This Sunday I enjoyed attending one of the worship services at Watoto Church in downtown Kampala. This is a Pentacostal Christian church that was started back in 1984. It has grown dramatically over the years and is know for its Watoto Children’s Choir that sings all over the world and for its ministry to children orphaned by AIDS and other calamties in Uganda. As you can see from my pictures, if you woke up in the middle of Watoto Church, I don’t think you’d suspect you were in Uganda. The lighting and huge screen look like something you would find in American and you might suspect you were in a large urban church in the USA. The music, led by a choir that wears fashionable black and white polka dotted dresses, was more than lively! I thoroughly enjoyed the dancing, clapping, and modern praise and worship music. Thanks so much to Cathy for bringing me. (she is also in the choir- you can just barely make her out in the picture above- she is woman on the top row closest to the left edge of the photo) The packed congregations of Uganda always amaze me. Every church I’ve attended here has been the same. People come early just to wait in lines outside so they can get a seat in main sanctuary and this one had both a main floor and a large balcony filled to the gills. If you can’t get a seat, there are tents set up outside where the music and video of the service is played. As I write this, I realized that it IS possible for Ugandans to be on time or even early for events. [Living on “Africa Time” is part of the normalcy when I’m here. There are few people I work with here who start events on time. Most activities start substantially late, even some University classes. I fit in pretty well here, since promptness isn’t one of my strengths. But as they’ve shown by their church attendance, I guess working on “Africa Time” is not something that is unavoidable.]
Saturday morning was Laundry Day for me. While it is possible for me to have the housemaid do my laundry, I actually enjoy doing it by hand when I’m here. It is pretty easy because when you travel and only bring a small amount of clothes, the pile to wash is substantially smaller than it would be at home. I do my wash the normal “Ugandan Way”, at least that is what Gonsha told me when she picked me up to go on an outing with her. I have a large blue basin that I fill with warm water and soap powder in the bathtub. Then I soak the clothes and wash each piece separately by rubbing together. I dump the dirty water and add clean water to rinse the clothes and then wring them out as well as I possibly can. This is what I think is the major benefit of the washing machine.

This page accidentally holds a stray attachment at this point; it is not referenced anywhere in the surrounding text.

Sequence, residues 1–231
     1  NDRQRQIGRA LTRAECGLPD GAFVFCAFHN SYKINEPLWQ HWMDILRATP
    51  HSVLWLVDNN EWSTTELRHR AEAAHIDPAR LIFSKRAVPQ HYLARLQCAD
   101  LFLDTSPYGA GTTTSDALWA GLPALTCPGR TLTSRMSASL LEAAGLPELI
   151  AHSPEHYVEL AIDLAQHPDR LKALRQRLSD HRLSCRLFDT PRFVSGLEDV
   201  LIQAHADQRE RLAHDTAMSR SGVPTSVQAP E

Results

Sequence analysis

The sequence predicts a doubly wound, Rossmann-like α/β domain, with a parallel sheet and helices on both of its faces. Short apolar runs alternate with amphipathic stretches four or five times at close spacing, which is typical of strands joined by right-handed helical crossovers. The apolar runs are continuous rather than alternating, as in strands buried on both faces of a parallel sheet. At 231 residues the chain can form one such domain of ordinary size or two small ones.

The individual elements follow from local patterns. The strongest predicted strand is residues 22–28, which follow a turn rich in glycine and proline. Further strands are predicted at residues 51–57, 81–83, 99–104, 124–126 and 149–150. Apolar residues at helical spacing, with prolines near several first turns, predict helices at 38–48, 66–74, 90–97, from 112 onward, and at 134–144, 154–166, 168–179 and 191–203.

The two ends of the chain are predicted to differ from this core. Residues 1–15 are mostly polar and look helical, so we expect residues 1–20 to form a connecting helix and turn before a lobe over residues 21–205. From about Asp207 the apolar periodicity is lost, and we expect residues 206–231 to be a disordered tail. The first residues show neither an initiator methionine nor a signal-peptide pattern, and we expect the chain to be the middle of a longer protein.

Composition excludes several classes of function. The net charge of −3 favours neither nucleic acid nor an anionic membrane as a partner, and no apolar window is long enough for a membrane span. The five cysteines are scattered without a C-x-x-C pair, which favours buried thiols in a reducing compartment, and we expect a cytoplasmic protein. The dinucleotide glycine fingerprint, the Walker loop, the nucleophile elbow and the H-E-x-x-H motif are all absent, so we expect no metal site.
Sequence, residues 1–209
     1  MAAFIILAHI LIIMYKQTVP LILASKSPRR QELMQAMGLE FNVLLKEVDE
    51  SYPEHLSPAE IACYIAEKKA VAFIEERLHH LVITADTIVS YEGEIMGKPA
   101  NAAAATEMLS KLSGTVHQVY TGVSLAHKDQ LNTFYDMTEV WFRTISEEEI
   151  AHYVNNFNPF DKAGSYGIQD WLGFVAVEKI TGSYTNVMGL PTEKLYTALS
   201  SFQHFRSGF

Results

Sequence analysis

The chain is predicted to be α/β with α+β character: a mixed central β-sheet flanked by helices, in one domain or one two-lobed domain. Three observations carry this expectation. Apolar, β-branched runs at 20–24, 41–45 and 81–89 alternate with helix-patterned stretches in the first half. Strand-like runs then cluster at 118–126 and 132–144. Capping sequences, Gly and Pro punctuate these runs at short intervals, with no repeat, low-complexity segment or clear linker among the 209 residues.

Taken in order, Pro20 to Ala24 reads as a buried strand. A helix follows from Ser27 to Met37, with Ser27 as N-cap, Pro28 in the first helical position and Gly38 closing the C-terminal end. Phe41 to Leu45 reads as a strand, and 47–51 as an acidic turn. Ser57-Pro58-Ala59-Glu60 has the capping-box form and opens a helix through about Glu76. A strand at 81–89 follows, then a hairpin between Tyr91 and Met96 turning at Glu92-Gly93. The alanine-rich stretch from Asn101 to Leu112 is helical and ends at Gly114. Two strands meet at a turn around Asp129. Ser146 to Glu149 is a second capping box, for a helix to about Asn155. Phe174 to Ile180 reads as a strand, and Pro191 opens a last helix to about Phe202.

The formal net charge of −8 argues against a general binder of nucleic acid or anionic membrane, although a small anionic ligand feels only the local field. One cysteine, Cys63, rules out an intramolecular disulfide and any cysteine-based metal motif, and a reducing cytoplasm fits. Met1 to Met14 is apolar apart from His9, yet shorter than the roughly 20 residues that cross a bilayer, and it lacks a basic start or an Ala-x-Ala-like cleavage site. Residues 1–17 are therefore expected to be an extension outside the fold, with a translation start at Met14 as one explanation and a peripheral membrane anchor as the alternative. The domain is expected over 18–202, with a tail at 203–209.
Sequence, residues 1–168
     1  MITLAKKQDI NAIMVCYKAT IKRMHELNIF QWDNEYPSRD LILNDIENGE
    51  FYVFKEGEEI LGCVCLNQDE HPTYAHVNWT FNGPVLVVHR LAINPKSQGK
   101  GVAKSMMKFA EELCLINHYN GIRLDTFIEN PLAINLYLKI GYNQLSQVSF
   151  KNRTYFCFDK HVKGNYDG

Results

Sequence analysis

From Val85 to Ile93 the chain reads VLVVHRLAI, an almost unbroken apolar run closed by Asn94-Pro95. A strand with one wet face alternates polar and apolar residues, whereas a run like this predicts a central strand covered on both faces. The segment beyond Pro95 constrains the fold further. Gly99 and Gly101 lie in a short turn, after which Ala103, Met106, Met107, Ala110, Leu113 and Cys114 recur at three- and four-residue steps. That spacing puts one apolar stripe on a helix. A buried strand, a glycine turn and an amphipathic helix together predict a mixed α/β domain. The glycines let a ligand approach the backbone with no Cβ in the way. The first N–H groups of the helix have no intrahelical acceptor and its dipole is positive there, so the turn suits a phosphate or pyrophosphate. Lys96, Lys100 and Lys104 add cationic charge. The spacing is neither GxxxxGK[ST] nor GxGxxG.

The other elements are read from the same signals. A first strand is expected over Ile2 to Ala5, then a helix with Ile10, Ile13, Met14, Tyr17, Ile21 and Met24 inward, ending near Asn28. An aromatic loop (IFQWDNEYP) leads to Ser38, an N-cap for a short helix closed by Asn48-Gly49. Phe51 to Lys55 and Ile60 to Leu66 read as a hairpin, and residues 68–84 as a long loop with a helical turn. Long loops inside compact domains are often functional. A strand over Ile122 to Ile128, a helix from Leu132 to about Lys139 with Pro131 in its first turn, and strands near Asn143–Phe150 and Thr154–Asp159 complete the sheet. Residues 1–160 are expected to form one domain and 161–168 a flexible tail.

It is easy to do all the other parts, but a washing machine can spin with such speed that it wrings out the clothes to almost dry. Then when they are hung on clotheslines outside, it only takes a short time to finish the job. I also realized that it is actually pretty good both upper body (the wringing) and lower body (the squatting) exercise to wash clothes manually. One of the pieces was a sweater which needed to be laid out to dry. Before I came to Uganda I never would have thought of this, but a nice sturdy bush is a perfect place to dry a sweater. It doesn’t get stretched out and the sweater can breathe and dry more quickly since the air can move below the top of the bush, unlike when you lay a sweater on top of a towel.
The final pictures of this blog are to give you a little hint about what I did with Gonsha the rest of the day. Since most pictures were taken with her camera, I will need to wait until later this week to tell you about the massive amount of fun I had in the afternoon. Can you gues what we did?